A brief introduction
Sainji is a village of around 400 people situated in the foothills of the Himalayas in the North Indian state of Uttarakahand. The villagers live by growing rice, wheat, maize and vegetables on steeply terraced hillsides. All children in India are required by law to be enrolled in school between the ages of 6 and 14 and the government provide free education in government run schools. Unfortunately the quality of this education is often extremely poor and the surrounding villages have until recently had little prospect of gaining an education which will help them improve upon a life of subsistence farming and poverty.
In 2009 they started a privately run school, GEMS, where around 200 children from the area are able to gain an education which will give them choices; to work within and for the community to ease the toil and hardship of village life or seek paid employment elsewhere and return remittances to their families. The school teaches in English, giving its pupils a vital skill to enable them to compete with their better off peers for paid employment.
Despite the significant progress there is still much to do and you are likely to have knowledge, experience and skills which you can use to make a difference at the school or in the village.
What will you be doing in Sainji?
There are four main themes for student projects which are both practical and important.
1 Teaching the teachers
Most volunteers who come to the village spend the majority of their time teaching in the school. They bring new ideas and ways of teaching based on their own experiences. Whilst this greatly benefits the students whose classes they take we aim to focus on training the teachers, so that the students will continue to benefit from our experience and knowledge when we have returned home.
2 Health and Nutrition
Chronic poor health is the root cause of many of the difficulties that people face in their day to day lives and often creates a vicious circle of poverty. Learning the basics; the importance of washing hands after going to the toilet or cleaning out cow shed will play an important role in reducing the prevalence of common complaints ensure they are properly treated. Basic nutritional advice (they grow the key ingredients) could have a major impact on the health and development of their children.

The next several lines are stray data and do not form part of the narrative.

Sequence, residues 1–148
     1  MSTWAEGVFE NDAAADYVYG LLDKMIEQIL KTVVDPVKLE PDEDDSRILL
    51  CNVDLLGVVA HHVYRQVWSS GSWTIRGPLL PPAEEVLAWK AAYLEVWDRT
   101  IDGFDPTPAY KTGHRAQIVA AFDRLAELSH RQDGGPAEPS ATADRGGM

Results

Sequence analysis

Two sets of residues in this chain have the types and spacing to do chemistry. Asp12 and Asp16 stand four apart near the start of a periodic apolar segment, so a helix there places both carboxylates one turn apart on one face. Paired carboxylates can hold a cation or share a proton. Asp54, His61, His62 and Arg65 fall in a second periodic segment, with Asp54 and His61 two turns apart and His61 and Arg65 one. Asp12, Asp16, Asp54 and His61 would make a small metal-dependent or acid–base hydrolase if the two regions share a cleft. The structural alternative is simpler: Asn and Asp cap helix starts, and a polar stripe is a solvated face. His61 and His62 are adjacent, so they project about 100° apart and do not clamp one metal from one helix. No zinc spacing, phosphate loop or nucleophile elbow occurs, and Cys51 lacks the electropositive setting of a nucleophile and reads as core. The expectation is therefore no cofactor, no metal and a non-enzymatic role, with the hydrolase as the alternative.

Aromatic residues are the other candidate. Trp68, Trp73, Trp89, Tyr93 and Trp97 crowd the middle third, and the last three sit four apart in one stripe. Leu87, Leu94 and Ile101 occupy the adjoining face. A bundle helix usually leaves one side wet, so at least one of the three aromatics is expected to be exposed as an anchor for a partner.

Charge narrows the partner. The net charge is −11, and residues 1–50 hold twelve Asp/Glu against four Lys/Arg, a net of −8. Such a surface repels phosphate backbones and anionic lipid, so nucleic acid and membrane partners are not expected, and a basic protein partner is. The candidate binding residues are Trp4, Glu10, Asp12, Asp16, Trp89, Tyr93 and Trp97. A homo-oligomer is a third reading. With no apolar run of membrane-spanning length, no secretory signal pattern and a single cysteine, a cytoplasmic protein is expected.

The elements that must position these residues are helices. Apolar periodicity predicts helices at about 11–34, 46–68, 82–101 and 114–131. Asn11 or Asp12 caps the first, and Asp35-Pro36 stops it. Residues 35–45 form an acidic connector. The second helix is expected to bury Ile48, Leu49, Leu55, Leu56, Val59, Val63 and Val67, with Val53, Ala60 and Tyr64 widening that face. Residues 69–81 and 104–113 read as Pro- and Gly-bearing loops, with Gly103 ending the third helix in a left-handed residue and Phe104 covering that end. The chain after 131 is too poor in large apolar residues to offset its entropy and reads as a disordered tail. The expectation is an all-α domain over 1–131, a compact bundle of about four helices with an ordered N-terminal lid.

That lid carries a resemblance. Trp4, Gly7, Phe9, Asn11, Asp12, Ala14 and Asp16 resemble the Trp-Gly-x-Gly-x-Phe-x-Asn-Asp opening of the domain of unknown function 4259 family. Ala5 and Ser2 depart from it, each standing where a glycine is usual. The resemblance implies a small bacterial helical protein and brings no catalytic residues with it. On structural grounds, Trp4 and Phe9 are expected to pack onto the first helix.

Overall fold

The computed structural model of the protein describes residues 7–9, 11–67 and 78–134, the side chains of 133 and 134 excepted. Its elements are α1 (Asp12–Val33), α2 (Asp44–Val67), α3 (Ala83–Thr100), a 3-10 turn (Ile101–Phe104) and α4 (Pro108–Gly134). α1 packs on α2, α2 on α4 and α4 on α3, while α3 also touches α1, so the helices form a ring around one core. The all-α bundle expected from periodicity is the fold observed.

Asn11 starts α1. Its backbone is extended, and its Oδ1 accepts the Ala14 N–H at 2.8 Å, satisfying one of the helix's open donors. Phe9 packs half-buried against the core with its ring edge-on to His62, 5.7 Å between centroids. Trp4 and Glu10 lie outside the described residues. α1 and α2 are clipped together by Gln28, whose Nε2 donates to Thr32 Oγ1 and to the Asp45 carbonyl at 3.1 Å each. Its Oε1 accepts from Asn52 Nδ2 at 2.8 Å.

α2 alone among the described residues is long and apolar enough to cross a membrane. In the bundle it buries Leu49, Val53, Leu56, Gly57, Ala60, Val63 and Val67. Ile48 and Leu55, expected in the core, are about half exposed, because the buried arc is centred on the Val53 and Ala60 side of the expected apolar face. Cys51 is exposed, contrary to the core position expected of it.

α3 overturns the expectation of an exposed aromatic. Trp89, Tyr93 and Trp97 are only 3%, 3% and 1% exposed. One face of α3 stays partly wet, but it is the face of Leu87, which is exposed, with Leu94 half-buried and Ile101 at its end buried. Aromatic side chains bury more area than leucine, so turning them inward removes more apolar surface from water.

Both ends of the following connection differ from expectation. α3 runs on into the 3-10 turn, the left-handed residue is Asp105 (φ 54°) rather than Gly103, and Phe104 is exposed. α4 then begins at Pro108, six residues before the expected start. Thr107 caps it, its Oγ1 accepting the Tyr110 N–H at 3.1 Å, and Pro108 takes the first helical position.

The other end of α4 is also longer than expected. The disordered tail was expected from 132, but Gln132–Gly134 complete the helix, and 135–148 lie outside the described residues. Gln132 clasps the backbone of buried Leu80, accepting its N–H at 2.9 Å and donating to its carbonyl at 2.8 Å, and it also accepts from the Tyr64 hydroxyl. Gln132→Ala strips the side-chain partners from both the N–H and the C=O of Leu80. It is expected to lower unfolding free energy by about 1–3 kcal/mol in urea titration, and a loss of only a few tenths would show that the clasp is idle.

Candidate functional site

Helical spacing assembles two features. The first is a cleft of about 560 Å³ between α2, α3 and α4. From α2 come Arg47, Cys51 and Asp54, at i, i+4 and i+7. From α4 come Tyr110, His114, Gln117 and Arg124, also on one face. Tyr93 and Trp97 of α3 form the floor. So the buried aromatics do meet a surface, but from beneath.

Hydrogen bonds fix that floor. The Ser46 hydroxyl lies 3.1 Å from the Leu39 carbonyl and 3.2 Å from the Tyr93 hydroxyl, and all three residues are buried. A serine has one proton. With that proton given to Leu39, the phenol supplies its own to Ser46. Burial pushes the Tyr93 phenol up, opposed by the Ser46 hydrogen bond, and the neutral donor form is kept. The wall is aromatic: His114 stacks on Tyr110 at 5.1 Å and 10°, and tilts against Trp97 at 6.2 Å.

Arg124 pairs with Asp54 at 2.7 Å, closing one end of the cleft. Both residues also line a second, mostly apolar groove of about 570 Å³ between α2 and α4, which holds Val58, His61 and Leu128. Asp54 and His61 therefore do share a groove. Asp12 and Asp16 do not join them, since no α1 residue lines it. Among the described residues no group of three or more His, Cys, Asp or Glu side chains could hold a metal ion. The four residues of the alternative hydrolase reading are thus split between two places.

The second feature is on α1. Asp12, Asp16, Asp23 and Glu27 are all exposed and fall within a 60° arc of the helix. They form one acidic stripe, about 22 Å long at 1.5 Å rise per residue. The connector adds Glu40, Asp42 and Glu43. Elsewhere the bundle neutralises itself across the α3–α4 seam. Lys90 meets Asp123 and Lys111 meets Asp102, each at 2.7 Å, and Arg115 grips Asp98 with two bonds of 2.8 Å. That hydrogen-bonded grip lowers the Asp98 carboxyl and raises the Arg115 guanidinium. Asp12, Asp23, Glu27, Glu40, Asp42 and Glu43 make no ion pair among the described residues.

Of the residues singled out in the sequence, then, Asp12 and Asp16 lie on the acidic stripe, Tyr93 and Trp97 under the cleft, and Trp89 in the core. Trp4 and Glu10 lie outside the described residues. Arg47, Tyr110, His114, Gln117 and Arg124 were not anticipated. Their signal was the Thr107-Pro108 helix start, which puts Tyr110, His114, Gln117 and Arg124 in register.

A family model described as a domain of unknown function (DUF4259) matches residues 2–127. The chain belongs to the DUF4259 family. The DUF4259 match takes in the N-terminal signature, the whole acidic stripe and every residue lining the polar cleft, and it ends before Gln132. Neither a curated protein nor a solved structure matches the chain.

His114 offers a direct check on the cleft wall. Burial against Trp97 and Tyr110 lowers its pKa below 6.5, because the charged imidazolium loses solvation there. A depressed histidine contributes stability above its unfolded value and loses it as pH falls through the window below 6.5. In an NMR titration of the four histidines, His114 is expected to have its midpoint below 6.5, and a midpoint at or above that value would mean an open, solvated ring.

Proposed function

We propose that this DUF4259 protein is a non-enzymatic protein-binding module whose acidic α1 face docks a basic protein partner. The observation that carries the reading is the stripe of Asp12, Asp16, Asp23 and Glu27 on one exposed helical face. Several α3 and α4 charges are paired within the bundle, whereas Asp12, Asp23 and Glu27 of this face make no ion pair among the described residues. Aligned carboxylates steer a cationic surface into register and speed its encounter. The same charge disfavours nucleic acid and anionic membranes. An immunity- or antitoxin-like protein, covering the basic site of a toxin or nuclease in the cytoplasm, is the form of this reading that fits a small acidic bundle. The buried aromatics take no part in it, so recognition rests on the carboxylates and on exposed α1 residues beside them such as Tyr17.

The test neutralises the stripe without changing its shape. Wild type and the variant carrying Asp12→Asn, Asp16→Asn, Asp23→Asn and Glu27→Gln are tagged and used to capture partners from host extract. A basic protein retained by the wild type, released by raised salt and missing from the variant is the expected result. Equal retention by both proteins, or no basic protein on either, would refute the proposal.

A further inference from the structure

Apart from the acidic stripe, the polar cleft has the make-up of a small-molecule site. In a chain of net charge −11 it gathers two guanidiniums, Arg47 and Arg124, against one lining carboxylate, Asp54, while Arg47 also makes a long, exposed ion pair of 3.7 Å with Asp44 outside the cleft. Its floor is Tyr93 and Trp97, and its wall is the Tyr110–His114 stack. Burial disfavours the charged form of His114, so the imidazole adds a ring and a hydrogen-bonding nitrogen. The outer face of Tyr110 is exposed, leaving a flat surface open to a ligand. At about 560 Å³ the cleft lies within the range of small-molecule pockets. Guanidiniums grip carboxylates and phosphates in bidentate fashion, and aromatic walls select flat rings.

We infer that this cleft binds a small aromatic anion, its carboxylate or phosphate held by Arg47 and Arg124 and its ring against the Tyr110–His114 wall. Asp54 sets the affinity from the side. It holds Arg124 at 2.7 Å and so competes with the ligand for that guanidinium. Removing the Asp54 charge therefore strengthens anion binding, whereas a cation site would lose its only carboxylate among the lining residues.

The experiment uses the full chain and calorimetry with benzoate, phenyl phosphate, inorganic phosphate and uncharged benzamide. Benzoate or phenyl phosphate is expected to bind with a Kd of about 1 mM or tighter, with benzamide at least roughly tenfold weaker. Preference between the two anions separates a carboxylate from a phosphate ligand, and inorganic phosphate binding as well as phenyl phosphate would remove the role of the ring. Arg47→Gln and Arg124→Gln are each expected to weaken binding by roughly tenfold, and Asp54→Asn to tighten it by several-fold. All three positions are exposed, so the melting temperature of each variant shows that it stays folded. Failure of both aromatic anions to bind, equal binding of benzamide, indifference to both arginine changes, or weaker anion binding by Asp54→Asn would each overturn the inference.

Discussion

3 Safe water supply
The pipeline that delivers spring water to the village is old, rusty and leaking. Whilst the source is probably unpolluted, by the time it is used by villagers it is contaminated with bacteria and possibly parasites. A new water supply infrastructure is needed but this is unlikely to happen anytime soon. We would like to be able to identify and measure the sites and sorts of contamination in order to help villagers understand what is happening and how to avoid it.
4 Village and school maintenance.
Torrential monsoon rains, termites, poor quality building materials and poor quality construction mean that maintaining homes and school buildings is a constant project. The charity Engineers Without Borders is also (slowly) installing a sewage system in the village. There will always be walls to paint and repair, and as the sewage project moves forward, building and installing toilets in individual homes will become a priority.
What will you take away from your visit?
We hope that the time you spend in Sainji will provide you with a new perspective with which to view the world and your future within it.
You will learn about and experience living in a traditional Indian hill village, learn to cook organic vegetarian curries using the villagers home grown produce, understand some of the complexities, conflicts and compromises of sustainable development and experience some of the most enthusiastic and helpful children on the planet. What you take away with you will probably stay with you for many years.
Anglia Ruskin’s Employability Service has a number of resources to help you gain employment once you graduate and we recommend that you use this to help you identify what you can offer employers.